NAKED GIRL WITH EGG 1980/81
Lucian Freud (1922 – 2011)
- 75 X 60.5 CM
- OIL ON CANVAS
- Accession number
On first sight, the egg included in this painting looks back to the wilfully strange Surrealist juxtapositions Lucian Freud was experimenting with forty years earlier. It makes the title sound almost like a menu, with its contents laid out as if for consumption. Their combination, however, puts appetite off its stride, and, despite the frankness of its nudity, this is not an erotic painting. To Peter Conrad, led by Freud’s portraits of pregnant women, it is expressive of Freud’s interest in the invisible processes masked by female genitalia; it “turns the body inside out and drags the mystery into daylight.”
“A naked girl lounges on a bed; beside her on a table is a dish containing a boiled egg, sliced in half. A fearfully symmetrical breakfast awaits her, looking up at us like a pair of eyes, with the two staring gobbets of yolk set in circles of globular white […] could anything in the world be more alarming than such a capsule of fertility, killed by boiling water and then cut down the middle by a knife?” 
The location is Freud’s studio, and these “eyes” observe us from a table that, at some point, has had excess paint wiped on it. In miniature, the table anticipates the paint-daubed apron that stands out of Painter and Model (1986-7, Astrup fearley Museum, Oslo); or rather, doesn’t. Such is the unrealistic flatness with which it mimics the texture of the palette Freud would have been holding in front of it. The wearer is the painter Celia Paul, one of his students during a period as a visiting tutor at the Slade School of Art in the late 1970s; her foot presses on a tube of paint and squeezes it out, and her hand holds a brush inches from the foot of the naked model, Angus Cook. William Feaver reports that Freud painted out the easel that originally stood in the way,  creating a gap that echoes that between Adam and God’s hands in Michaelangelo’s Sistine Chapel. Just like the bisected egg, or the resting painter, a creative energy has been stilled in paint for us to examine.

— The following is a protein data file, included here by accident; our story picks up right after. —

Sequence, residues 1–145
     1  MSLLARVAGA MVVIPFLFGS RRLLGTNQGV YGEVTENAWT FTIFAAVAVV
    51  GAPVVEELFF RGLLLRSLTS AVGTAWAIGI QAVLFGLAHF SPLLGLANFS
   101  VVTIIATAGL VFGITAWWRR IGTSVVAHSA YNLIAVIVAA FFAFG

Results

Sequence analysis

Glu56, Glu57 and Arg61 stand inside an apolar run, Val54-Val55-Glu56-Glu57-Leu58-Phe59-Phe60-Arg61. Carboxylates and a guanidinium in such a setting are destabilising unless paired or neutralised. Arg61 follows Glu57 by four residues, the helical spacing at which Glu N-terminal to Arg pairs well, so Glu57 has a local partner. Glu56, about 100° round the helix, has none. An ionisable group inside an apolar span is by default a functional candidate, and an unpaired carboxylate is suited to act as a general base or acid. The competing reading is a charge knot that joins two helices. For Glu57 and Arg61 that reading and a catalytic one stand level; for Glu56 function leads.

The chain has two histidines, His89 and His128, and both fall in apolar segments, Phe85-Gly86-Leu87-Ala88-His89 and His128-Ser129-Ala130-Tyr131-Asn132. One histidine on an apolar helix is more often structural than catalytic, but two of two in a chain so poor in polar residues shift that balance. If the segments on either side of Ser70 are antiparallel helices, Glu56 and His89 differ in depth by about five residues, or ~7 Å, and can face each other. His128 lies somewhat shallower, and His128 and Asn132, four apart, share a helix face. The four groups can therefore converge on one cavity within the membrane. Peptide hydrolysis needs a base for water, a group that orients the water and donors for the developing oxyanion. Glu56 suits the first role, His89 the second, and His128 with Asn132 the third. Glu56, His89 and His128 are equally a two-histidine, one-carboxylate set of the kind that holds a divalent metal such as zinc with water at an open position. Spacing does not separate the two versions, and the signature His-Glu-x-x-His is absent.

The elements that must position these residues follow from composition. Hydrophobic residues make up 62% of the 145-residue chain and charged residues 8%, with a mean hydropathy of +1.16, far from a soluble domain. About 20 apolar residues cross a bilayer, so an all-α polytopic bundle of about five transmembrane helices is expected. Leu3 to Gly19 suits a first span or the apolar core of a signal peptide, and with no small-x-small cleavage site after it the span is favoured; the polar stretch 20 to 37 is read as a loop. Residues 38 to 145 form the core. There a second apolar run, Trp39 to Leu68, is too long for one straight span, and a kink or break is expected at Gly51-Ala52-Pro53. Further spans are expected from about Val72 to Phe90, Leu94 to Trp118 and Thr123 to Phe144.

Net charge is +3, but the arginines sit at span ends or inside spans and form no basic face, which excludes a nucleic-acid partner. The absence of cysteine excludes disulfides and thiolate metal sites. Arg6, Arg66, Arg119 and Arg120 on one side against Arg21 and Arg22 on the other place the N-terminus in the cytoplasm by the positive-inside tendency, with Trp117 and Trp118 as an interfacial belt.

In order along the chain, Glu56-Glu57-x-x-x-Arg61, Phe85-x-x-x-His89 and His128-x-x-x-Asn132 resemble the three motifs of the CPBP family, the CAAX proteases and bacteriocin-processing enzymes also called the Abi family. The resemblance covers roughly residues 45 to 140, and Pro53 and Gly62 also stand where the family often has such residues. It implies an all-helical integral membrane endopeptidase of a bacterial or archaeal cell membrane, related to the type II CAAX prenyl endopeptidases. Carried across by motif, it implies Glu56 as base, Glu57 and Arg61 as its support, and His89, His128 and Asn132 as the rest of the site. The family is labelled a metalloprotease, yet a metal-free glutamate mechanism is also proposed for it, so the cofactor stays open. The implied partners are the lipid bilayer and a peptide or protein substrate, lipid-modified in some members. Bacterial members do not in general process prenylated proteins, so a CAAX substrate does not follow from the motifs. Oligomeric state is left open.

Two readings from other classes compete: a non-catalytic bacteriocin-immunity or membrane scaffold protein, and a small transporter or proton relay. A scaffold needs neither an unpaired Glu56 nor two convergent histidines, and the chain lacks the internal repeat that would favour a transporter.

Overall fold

Importantly, given the quality of nudity in Freud, it is creation without sex, a sort of Immaculate Conception, which perhaps contributed to Feaver’s suggestion that Painter and Model “almost qualifies as an Annunciation”. It is Celia Paul, here, who is the Archangel Gabriel, however.
Also in 1981, she sat alongside some of Freud’s children – also his “conceptions” – as one of the characters in Large Interior W.11 (after Watteau)(1981/3). In recasting Watteau’s Pierrot Content (1712), a tableau based on the stylised, theatrical emotion of the commedia dell’arte, Freud was making his most sustained art-historical reference to date. Robert Hughes maintains, however, that the faces – bored rather than theatrically-expressive – prove him to be “a realist to the root [painting] once again the condition of posing for an artist over a long period of time.”
As in Girl with Egg, the expressions are consistent with the Freud’s belief that “the head must be just another limb.” They are also consistent with an essential respect for, but pragmatism about his models’ humanity; “the painting is always done with their co-operation”, he continues. As a painter, Celia Paul afforded Freud the opportunity to paint about painting from a different angle to his portraits of Francis Bacon (1952), Frank Auerbach (1976) or himself.
Tom Overton, 2010.
 Peter Conrad, ‘The Naked and the Living’, The Observer, 9th June 2002.
 William Feaver, Lucian Freud (NY: Rizzoli, 2007), p.39.
 Robert Hughes, Lucian Freud: Paintings (London: Thames & Hudson, 1987), p.24.
 Ibid, p.20.